Although Ellen Moody does not mention me by name in an Austen L post this morning, she was obviously responding to the thread initiated and carried forward by my recent posts (cross-posted by me in Austen L, Janeites & my blog).....
...in which I asserted, in the part relevant to Ellen’s post this morning, that Mrs. Smith tells outright lies to Anne Elliot, by (1) fabricating an imaginary character, Nurse Rooke, (2) convincing Anne, based on nothing (and taking advantage of Anne’s being in profound denial of her own serious vision impairment), that Anne was actually let in to Mrs. Smith’s residence by Nurse Rooke, and then (3) citing Nurse Rooke as a reliable source for slanderous information about Cousin Elliot, from which Mrs. Smith immediately segues into her own additional slanders against him.
I will now respond to Ellen’s points:
Ellen: "It seems to me people are missing the central function and importance of Nurse Rooke's lack of objectivity (let's call it): Mrs Smith's most recent information is dependent on what she learns from Nurse Rooke, and while she insists the little turns and detours her story shows evidence of as having come from several not impeccable sources, don't matter, as what she has to say is true in the main."
I don't agree at all that it doesn't matter, nor do I agree that it is true in the main. I think that immediately prior to Mrs. Smith’s allegations about Cousin Elliot, Anne has been feeling an increasingly positive regard for Cousin Elliot, even though, of course, not sufficient at that time to overpower Anne’s longstanding pining away for Captain Wentworth. But, just as it is plausible to imagine that Henry Crawford could have eventually succeeded in his courtship of Fanny a while longer in Portsmouth, had he stayed there and resisted the temptation to go back to Maria Rushworth, so too it is plausible that at some point, had Cousin Elliot not been slandered by Mrs. Smith, he too might have succeeded with Anne, had Wentworth continued to brood on his hurt feelings a while longer. The story was at a romantic tipping point in each case.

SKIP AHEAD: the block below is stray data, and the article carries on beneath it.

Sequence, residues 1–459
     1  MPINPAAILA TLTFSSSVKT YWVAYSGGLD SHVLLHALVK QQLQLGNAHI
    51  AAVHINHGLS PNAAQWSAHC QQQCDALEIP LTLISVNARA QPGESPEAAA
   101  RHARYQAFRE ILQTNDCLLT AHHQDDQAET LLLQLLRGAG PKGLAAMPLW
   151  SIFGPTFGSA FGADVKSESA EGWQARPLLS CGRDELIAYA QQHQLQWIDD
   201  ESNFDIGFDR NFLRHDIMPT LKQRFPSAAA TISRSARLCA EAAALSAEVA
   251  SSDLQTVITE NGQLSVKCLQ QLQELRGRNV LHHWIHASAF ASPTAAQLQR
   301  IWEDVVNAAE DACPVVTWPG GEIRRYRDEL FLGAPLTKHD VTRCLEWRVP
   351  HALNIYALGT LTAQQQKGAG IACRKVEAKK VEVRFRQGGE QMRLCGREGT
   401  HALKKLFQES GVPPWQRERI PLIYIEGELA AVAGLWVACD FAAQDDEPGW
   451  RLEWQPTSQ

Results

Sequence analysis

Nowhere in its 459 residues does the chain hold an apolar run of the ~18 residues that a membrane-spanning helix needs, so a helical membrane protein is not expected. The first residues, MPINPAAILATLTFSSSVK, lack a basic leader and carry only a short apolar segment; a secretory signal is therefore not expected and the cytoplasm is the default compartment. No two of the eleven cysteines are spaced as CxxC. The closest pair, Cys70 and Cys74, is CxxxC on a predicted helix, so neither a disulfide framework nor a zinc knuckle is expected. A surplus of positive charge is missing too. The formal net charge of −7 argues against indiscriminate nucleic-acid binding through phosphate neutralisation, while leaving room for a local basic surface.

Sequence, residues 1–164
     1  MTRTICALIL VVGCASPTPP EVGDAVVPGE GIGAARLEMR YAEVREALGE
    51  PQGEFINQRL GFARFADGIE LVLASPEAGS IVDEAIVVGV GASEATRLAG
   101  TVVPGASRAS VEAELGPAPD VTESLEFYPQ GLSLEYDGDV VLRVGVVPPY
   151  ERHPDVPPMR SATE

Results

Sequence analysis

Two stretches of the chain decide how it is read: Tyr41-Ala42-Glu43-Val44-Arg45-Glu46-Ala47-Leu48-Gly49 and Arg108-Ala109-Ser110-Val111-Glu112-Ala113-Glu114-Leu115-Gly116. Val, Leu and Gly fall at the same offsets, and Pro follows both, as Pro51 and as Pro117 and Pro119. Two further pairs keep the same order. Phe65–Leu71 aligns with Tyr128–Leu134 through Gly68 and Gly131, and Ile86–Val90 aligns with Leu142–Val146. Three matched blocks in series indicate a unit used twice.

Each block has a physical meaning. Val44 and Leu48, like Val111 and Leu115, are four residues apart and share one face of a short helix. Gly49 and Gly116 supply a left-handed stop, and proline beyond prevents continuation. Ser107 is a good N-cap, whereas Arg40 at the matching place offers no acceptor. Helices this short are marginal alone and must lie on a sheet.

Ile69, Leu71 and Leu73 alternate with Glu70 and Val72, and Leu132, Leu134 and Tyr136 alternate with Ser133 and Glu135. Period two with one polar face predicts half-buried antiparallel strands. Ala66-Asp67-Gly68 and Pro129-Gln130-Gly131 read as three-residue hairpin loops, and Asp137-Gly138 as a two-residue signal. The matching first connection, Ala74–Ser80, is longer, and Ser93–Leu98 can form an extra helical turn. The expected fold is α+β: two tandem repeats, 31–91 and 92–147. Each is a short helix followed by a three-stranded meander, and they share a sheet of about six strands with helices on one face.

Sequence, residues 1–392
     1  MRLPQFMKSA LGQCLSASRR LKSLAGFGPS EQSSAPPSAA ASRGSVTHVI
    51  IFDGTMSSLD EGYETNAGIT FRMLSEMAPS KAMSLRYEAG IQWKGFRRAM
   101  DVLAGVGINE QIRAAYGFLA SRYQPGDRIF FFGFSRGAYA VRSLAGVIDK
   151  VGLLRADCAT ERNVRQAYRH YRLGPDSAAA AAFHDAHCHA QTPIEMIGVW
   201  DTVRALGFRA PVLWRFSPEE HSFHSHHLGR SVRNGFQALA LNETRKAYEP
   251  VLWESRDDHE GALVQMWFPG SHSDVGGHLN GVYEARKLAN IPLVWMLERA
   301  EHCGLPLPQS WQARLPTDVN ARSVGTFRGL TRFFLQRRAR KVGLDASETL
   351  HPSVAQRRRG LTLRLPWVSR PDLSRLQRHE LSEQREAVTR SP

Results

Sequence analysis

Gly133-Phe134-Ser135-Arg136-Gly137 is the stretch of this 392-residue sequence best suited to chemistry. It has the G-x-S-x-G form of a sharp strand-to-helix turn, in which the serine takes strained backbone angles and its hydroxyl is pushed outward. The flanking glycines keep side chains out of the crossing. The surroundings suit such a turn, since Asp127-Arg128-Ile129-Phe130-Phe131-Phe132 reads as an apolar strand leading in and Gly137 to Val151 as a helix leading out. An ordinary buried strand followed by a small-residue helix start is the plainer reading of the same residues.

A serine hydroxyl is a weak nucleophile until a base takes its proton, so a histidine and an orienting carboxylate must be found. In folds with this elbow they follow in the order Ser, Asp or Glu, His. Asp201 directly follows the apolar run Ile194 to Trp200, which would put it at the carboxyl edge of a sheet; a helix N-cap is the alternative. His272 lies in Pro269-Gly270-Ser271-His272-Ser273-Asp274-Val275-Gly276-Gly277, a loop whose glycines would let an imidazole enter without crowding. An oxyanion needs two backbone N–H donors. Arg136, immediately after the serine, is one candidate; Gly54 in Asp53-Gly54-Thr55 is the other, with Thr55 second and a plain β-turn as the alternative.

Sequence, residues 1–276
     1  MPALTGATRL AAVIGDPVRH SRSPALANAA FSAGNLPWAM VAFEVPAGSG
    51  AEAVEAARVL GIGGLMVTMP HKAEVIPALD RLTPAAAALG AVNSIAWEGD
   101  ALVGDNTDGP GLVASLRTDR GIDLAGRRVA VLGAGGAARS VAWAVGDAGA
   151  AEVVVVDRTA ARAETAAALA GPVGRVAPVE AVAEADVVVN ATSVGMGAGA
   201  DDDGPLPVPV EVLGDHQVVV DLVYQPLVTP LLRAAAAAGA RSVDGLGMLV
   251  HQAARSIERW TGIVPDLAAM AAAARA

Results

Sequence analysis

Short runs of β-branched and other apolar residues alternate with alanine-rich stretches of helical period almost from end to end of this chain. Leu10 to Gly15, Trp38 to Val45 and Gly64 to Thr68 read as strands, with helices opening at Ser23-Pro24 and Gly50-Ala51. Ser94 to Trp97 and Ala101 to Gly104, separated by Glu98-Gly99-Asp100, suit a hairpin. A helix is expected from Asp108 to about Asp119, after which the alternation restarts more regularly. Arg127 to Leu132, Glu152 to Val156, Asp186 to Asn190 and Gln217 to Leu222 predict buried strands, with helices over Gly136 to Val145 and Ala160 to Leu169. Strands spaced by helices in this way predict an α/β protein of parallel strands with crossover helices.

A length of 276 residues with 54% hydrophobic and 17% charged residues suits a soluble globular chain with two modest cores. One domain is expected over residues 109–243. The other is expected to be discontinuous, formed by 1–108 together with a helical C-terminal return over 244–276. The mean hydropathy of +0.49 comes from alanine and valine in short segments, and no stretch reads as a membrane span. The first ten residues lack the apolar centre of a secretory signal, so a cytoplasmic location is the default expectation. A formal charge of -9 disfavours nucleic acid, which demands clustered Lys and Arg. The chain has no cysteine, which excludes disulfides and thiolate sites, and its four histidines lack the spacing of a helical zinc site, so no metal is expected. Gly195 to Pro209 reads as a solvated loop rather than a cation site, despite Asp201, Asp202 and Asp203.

JA shows us, in the subtlest way, that Anne’s esteem for Cousin Elliot is severely damaged by Mrs. Smith's "revelations". Read the beginning of Ch. 23 closely:
“One day only had passed since Anne's conversation with Mrs Smith; but a keener interest had succeeded, and she was now so little touched by Mr Elliot's conduct, except by its effects in one quarter, that it became a matter of course the next morning, still to defer her explanatory visit in Rivers Street. She had promised to be with the Musgroves from breakfast to dinner. Her faith was plighted, and Mr Elliot's character, like the Sultaness Scheherazade's head, must live another day.”
Although Anne wants to convince herself otherwise, Anne is now ready to chop off Mr. Elliot’s reputation at the neck, it survives only on a very tenuous, day to day basis—Anne’s feelings for him are a whole lot less positive than they were only two days earlier, and Mrs. Smith’s story is the main cause of that large shift.
So, even though Cousin Elliot was indeed a smooth talker and someone Anne should have been wary of, Mrs. Smith, in inventing all those gory details about Mr. Elliot’s dealings with his wife, took an ambiguous situation and turned it into a seeming no-brainer. It really was decisive in shifting Anne’s attitude toward him. Cousin Elliot has been sandbagged, and Anne does not realize this.
Ellen: “But as many have pointed out, her story is way melodramatic, does not answer some central questions (how long ago did Mr Eliot meet Mrs Clay, what were they meeting beneath that window Mary Musgrave was looking out at; what was Mr Eliot's purpose in seeming to court Anne Elliot?). Answers there have been but none of them fully satisfying or even much satisfying.”